Birth, Death, and Regeneration: Why I Am Only a Kind of a Buddhist by Carol P. Christ

In a recent blog describing conversations with my friend Rita Gross, I said that I think of myself as a “kind of a Buddhist” because I have given up a great deal of the ego(tism) described by Buddhists. I also remarked that “I must be a Buddhist after all” because I accept my finitude and do not fear death. At the same time, I said that the idea of a relational world coheres with my experience and is more satisfying to me than the Buddhist theory of nondualism. When I speak of a relational world, I am referring to the worldview of process philosophy.

One of the central insights of Buddhism is the concept of “dependent origination.” This means that “no thing” exists in and of itself:  “all things” are related to and dependent upon “other things.” One of the key assumptions of western philosophy is that “things” exist in and of themselves: all things have an single, unchangeable “essence” or “nature.” Buddhism considers this assumption to be false: if all things are dependent on other things, then they cannot finally be separated from the web of dependence in which they exist. Buddhism insists, moreover, that the interdependent world is in flux. This means that what a thing-in-relationship is in one moment changes in the next.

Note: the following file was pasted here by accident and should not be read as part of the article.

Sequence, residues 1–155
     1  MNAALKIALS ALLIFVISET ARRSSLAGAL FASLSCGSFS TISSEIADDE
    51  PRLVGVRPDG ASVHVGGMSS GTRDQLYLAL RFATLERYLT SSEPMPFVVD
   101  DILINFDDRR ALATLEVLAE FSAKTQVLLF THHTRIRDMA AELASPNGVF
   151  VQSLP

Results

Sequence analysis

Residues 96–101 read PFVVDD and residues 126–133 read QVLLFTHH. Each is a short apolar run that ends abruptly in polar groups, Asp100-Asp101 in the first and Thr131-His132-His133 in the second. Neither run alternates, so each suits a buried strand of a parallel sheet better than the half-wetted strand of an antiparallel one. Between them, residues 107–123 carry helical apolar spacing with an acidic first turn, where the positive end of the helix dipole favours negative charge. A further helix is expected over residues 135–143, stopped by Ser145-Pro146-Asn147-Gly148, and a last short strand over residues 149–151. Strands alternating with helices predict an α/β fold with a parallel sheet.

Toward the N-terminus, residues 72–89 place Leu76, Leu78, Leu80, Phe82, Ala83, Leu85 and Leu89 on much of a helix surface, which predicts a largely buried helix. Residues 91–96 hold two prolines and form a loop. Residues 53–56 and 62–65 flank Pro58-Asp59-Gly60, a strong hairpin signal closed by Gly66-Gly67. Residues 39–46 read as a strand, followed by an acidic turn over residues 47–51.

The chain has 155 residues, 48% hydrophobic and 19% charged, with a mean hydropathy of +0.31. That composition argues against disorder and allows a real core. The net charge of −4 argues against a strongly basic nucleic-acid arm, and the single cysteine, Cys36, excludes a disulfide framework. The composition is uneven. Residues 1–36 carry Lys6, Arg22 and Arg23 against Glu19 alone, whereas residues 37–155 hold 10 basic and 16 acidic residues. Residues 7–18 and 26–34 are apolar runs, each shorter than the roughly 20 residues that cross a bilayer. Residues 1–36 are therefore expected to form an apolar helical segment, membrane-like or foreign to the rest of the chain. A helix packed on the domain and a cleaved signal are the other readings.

Process philosophers, including Whitehead and Hartshorne, recognized that Buddhism affirms a central truth that western philosophy has denied: the truth that life is in flux and that no individual exists apart from or independent of others. Continue reading “Birth, Death, and Regeneration: Why I Am Only a Kind of a Buddhist by Carol P. Christ”

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